While addressing the Washington International Trade Assn. on Tuesday morning, Senate Agriculture Committee chairman Pat Roberts (R., Kan.) continued to encourage everyone – farmers, ranchers, manufacturers, senators, as well as officials in the Administration - to help fight the pervasive view that the economy has not benefited from trade agreements like the North American Free Trade Agreement (NAFTA).
Roberts then participated in an agricultural trade discussion with Max Baucus, U.S. ambassador to China and a former chairman of the Senate Finance Committee, and Grant Aldonas, executive director of the Institute of International Economic Law at Georgetown Law and a former undersecretary of commerce for international trade.
“There is a great deal of frustration in farm country because we are missing opportunities to grow our exports,” Roberts said. “I believe that the renegotiation of NAFTA could provide just that opportunity. Strengthening and modernizing NAFTA should result in even stronger economic growth for the United States and for Canada and Mexico.”
Roberts noted that, like many others, he has been concerned about the impact some NAFTA proposals could have on the agricultural value chain. He and other senators have requested that an economic analysis be conducted to illustrate the impact on the full supply chain of industries involved before any changes in NAFTA are finalized.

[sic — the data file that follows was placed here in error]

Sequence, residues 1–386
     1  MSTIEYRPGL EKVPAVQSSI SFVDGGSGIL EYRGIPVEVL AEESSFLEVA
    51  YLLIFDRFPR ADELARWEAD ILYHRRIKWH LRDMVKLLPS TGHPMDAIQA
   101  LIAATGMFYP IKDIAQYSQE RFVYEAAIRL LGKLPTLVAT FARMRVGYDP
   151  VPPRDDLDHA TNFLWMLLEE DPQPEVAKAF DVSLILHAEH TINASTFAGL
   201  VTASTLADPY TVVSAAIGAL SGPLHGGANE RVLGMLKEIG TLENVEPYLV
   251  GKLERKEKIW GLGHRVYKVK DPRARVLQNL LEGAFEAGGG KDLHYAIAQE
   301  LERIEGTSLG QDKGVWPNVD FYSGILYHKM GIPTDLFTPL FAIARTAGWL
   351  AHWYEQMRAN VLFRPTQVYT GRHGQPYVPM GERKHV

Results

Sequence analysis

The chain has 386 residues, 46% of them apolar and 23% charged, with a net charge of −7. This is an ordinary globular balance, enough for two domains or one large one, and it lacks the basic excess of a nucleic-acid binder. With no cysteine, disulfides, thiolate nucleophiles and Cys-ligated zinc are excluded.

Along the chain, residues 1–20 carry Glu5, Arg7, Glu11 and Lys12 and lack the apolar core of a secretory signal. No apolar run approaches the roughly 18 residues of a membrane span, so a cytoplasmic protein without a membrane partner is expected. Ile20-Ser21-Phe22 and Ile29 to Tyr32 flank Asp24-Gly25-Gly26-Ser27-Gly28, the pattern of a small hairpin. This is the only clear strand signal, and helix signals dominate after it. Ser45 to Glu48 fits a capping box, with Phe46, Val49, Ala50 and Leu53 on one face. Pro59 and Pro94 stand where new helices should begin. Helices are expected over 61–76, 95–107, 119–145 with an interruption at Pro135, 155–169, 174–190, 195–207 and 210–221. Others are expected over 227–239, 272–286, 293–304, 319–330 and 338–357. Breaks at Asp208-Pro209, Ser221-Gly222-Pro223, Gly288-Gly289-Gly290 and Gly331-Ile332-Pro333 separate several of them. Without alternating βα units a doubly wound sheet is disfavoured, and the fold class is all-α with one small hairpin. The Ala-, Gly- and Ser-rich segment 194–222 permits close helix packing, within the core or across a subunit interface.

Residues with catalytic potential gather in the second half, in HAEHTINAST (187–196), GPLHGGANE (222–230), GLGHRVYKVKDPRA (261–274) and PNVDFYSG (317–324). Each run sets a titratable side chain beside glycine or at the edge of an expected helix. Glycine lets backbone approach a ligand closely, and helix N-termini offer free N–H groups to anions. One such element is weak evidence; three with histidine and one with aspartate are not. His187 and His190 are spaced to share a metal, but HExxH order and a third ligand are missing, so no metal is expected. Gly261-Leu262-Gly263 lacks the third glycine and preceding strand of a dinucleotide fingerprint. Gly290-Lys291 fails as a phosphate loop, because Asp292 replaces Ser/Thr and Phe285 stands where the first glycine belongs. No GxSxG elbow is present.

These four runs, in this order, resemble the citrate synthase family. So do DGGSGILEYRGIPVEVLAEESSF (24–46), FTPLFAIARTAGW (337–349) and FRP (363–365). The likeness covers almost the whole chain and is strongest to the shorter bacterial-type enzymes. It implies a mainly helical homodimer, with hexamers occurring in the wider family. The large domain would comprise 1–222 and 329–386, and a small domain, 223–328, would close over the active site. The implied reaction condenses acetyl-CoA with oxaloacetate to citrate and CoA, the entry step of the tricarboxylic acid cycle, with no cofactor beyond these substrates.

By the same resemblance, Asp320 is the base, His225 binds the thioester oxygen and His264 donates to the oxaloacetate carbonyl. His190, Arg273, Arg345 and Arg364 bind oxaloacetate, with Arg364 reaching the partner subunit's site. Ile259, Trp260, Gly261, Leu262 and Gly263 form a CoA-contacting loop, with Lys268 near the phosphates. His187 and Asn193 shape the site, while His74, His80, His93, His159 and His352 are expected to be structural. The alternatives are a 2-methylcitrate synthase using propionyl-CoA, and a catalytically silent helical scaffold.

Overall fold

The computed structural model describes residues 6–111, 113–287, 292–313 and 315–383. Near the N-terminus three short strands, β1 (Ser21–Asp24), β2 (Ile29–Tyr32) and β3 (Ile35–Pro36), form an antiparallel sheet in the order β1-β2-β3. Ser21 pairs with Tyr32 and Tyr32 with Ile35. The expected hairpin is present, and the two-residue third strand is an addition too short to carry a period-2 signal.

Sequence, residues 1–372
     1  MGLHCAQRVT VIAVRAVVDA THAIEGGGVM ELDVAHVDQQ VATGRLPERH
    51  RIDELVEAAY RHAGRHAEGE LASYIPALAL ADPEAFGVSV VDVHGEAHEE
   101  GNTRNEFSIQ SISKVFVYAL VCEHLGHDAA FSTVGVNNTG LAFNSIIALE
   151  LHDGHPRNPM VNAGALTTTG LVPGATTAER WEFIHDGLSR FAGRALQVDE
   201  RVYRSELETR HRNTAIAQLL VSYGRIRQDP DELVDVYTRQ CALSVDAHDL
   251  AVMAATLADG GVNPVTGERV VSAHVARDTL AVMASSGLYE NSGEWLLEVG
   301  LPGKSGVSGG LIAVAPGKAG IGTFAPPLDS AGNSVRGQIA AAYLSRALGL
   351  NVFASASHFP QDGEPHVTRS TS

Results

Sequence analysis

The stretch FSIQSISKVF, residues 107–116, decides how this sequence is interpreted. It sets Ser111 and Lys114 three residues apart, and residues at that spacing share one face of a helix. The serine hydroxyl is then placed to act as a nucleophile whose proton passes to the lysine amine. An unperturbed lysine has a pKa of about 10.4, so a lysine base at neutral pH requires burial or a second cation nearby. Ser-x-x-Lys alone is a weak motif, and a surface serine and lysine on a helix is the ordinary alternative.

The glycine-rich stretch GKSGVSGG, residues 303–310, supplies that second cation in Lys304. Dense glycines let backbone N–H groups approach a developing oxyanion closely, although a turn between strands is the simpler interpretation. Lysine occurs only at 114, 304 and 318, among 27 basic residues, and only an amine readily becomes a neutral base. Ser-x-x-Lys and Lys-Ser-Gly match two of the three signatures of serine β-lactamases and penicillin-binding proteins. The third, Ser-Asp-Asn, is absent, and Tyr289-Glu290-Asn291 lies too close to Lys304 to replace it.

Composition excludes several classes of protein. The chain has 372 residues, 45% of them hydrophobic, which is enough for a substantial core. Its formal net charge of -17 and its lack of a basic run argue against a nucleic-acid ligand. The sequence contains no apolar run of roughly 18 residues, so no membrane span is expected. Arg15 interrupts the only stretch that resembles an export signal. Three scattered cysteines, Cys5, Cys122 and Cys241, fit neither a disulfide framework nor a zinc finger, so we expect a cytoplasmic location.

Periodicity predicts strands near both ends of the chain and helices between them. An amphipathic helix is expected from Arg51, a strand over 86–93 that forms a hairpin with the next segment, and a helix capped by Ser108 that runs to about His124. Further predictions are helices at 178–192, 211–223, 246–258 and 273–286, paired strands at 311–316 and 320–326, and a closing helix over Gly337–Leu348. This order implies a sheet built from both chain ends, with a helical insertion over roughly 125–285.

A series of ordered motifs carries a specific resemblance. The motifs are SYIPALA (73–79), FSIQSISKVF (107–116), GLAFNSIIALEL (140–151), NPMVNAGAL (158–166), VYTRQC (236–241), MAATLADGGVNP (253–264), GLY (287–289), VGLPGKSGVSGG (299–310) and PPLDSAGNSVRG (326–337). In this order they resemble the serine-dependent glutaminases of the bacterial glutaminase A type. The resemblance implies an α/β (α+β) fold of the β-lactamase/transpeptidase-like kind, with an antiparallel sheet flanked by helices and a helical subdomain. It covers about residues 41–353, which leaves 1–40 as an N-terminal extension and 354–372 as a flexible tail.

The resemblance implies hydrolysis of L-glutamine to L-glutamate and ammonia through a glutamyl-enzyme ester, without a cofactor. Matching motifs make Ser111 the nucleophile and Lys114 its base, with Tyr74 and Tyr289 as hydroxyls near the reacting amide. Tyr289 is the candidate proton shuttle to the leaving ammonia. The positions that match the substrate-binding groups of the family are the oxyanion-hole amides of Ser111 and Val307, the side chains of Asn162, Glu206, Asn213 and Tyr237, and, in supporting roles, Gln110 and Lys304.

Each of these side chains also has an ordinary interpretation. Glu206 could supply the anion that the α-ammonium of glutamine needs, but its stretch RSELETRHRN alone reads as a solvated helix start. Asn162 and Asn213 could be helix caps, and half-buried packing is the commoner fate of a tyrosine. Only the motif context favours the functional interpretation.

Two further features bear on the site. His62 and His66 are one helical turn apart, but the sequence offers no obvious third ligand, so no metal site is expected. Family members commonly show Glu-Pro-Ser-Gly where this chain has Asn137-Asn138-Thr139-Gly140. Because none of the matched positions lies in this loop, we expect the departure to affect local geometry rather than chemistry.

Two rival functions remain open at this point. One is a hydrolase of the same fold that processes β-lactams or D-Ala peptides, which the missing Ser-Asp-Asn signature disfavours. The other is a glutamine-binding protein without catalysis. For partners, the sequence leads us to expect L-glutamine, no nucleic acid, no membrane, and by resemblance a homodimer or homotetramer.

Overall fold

“Trade is more than a product crossing a border. A seed planted in a field might ultimately become a meal for a family, but in between, you’ll find the combine that harvests it, the facility that processes it and, perhaps most important, the people employed at every step of the way,” Roberts said. “U.S. agriculture has grown because of agreements like NAFTA, and from the farmer in the field to the grocer in the store, American workers have benefited from that growth.”
Roberts is also a member of the Senate Finance Committee, which has jurisdiction over U.S. trade policy. Roberts has relentlessly highlighted the vast benefits of NAFTA to American agriculture, including multiple conversations with President Donald Trump, U.S. Trade Representative Bob Lighthizer, Commerce Secretary Wilbur Ross and other high-ranking officials in the Administration.
In his comments, Roberts also said farmers and ranchers have been waiting “far too long” for a chief agricultural negotiator as Gregg Doud’s nomination continues to be held up in the Senate. “We need to get him confirmed and in place at USTR providing a critical voice for our producers,” he said.